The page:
Suvi Lindén became known as the Minister of Culture in 1999. She later served as Minister of Communications.
Suvi Lindén and Ilkka Kanerva after the briefing on the appointments to the new Government on 19 April 2007.
Suvi Helmi Tellervo Lindén was the first representative of the National Coalition Party to become Minister of Culture.
Lindén graduated as Master of Arts from the University of Oulu Department of Information Processing Science and went on to work as a computer programmer for the City of Oulu for five years. Active in politics since upper secondary school, Lindén saw her persistent efforts rewarded in 1995, when she started her 16-year career in Parliament. At the beginning of her second term, she became Minister of Culture in Prime Minister Paavo Lipponen’s Second Cabinet as the first National Coalition Party representative in history.
As Minister of Culture, Lindén launched the compilation of the Government’s Arts and Artist Policy Programme, which was to form the basis for several reforms in the early years of the 21st century. Further initiatives started during Lindén’s term included a reform of the Copyright Act and the network of children’s cultural centres known as Taikalamppu (‘Magic Lamp’). In addition, sports issues in particular assumed centre stage, not only due to Lindén’s own interest, but also because of a doping scandal in the 2001 Nordic World Ski Championships in Lahti. In the summer of 2002, Lindén resigned from her ministerial role when it came out that she had recommended government support for a golf course in which she was also a shareholder.
Nevertheless, her term as a Member of Parliament continued and she was later appointed as Minister of Communications to both Prime Minister Matti Vanhanen’s Second Cabinet and Prime Minister Mari Kiviniemi’s Cabinet. Key issues during her terms as Minister of Communications included the transition into digital TV broadcasts, a law guaranteeing broadband connections for every Finn, as well as the Act on the Protection of Privacy in Electronic Communications, dubbed ‘Lex Nokia’, which attracted plenty of publicity. This Act, which was subsequently repealed, allowed companies to monitor the sender information of employees’ e-mail messages, which was considered to infringe their privacy.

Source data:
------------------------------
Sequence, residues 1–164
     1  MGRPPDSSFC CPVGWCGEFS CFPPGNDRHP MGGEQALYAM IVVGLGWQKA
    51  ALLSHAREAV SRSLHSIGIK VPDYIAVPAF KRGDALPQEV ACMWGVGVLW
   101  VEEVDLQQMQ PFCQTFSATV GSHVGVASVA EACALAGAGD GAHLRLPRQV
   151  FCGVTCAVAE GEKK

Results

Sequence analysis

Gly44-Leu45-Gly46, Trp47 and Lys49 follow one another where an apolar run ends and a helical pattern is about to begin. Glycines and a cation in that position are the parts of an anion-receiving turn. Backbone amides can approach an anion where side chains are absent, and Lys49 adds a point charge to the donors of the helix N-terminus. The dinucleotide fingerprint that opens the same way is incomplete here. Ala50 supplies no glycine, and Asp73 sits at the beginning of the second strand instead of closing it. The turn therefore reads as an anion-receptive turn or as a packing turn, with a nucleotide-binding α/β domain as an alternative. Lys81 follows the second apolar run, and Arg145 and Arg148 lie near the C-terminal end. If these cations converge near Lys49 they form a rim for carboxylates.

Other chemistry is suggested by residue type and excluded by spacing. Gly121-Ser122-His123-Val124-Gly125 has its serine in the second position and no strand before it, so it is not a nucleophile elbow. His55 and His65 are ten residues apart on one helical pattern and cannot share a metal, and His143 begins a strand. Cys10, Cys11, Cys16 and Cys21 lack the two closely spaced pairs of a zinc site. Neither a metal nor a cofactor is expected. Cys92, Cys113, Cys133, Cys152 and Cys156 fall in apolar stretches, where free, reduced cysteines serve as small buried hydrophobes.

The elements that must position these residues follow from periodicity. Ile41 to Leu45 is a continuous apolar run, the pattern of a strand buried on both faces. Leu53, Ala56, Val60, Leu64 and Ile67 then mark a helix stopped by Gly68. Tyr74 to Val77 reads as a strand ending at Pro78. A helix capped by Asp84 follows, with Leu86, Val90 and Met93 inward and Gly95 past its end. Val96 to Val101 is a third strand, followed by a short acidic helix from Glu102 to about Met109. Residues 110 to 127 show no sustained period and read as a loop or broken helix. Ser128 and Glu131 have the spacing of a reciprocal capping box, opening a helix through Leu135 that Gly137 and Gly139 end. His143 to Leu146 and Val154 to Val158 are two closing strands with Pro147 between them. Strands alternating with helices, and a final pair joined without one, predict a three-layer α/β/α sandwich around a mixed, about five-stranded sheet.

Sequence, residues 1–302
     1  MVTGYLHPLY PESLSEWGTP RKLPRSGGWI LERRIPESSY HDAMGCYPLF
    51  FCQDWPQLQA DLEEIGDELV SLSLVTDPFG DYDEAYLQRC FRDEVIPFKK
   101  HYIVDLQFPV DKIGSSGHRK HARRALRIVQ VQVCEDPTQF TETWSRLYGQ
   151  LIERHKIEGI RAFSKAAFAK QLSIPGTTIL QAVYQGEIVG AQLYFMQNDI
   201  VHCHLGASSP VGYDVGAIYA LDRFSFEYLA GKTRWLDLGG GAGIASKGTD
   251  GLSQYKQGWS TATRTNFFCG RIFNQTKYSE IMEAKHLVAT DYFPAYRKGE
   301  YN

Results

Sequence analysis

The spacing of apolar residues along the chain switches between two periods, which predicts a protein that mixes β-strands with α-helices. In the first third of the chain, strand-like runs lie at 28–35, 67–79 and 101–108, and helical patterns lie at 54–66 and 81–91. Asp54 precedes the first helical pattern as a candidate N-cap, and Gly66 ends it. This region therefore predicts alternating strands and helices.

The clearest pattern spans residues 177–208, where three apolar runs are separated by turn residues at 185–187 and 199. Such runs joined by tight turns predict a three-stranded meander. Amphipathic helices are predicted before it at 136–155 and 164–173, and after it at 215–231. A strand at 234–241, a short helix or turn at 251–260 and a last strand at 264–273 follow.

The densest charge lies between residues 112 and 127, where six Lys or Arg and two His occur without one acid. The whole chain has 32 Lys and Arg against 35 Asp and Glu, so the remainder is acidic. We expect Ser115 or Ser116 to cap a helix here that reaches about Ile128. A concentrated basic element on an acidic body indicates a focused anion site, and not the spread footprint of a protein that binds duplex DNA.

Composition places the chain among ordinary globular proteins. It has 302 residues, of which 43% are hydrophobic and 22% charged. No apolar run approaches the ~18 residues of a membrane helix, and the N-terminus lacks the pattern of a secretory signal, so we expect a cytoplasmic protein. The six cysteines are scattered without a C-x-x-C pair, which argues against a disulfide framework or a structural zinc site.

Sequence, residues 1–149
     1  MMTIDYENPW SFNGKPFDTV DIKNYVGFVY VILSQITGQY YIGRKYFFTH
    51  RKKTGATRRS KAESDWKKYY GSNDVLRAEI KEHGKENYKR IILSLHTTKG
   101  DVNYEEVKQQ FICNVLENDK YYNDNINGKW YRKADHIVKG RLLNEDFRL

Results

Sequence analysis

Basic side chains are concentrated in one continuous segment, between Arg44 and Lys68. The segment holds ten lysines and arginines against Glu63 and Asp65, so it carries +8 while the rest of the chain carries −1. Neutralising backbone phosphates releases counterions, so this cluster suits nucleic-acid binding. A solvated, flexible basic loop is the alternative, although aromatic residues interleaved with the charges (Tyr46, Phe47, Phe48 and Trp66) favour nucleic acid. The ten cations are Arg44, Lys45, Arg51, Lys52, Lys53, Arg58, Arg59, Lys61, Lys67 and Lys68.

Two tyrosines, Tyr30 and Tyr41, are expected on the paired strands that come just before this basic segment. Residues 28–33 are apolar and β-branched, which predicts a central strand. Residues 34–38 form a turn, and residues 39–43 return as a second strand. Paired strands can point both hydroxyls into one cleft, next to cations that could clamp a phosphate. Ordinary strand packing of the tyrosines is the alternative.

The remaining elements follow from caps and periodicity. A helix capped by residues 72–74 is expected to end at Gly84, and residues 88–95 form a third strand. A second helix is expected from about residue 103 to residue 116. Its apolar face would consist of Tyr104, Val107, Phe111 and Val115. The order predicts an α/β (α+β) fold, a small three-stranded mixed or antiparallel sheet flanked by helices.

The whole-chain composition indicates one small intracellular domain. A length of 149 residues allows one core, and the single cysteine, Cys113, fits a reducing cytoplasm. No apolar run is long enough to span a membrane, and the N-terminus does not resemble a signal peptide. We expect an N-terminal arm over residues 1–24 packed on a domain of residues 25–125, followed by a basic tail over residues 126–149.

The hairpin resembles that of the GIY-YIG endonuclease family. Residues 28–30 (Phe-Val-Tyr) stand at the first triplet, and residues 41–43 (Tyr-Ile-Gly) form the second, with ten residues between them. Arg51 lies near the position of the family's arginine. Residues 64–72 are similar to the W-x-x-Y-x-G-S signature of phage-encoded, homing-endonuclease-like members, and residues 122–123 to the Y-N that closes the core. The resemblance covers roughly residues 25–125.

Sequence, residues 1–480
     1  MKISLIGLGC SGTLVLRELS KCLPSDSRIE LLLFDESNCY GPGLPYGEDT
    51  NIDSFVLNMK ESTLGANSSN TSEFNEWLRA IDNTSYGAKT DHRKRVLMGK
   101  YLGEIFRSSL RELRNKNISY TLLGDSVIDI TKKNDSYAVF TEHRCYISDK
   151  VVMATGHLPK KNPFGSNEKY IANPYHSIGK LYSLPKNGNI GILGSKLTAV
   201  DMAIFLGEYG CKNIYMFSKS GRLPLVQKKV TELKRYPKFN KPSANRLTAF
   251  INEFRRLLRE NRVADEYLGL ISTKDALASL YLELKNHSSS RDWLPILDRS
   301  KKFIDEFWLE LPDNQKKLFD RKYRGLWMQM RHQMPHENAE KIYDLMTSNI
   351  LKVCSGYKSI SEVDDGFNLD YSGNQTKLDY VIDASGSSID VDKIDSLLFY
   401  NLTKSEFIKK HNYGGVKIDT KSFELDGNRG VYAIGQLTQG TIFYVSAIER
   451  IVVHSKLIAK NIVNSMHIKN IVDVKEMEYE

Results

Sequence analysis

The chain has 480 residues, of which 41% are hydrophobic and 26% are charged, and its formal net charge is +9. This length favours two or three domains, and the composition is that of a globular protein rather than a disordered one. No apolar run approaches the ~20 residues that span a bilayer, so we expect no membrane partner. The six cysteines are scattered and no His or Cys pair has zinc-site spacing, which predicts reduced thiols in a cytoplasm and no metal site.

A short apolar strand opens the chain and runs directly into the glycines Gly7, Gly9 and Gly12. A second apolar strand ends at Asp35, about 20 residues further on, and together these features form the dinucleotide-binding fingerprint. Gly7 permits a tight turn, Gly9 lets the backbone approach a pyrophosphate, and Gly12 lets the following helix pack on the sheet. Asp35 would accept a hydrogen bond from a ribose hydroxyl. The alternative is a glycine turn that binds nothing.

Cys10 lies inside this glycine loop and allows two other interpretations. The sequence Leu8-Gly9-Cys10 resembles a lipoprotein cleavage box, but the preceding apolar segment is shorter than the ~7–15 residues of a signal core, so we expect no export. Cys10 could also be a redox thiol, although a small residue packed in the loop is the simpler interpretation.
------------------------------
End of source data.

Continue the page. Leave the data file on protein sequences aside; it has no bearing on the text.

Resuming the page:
In Parliament, Lindén served on the Speaker’s Council and the Transport and Communications, Environment and Foreign Affairs Committees and chaired the Education and Culture Committee on two occasions. Likewise, Lindén was Vice Chair of her parliamentary group on two occasions, in 1999 and from 2003 to 2007. After her failed re-election bid in 2011, Lindén was hired by the International Telecommunication Union (ITU) operating under the auspices of the United Nations. She travelled the world to give lectures on the effects of information and communications technology on economic growth and development.
Lindén has served as European representative of the World Anti-Doping Agency (WADA) and chaired the Finnish Information Society Advisory Board. Lindén was active in Oulu’s local politics for 28 years and chaired the Assembly of the Council of Oulu Region from 1997 to 1999. In addition, she has held numerous positions of trust within her party, including as Chair of the North Ostrobothnia National Coalition Party, member of the Party Executive and Vice Chair of the Women’s League. She has also been involved in several sports organisations, including as Chair of Rinkball Finland and on the Board of the Kärppä-säätiö (‘Kärppä Foundation’).
Lindén has also chaired the Board of NxtVn Finland and she owns a consultancy business, Pearlcon Consulting.
When she was young, Lindén was a keen diver, competing at the Finnish Championships level.
Minister of Communications Suvi Lindén and Mikael Jungner discuss the funding of YLE in the A-studio programme on 15 March 2010.
Date and place of birth: 19.4.1962 Helsinki
Political party: Kokoomus
- 15.4.1999 - 5.6.2002
Minister of Culture, Kokoomus
- 19.4.2007 - 22.6.2010
Minister of Communications, Kokoomus
- 22.6.2010 - 22.6.2011
Minister of Communications, Kokoomus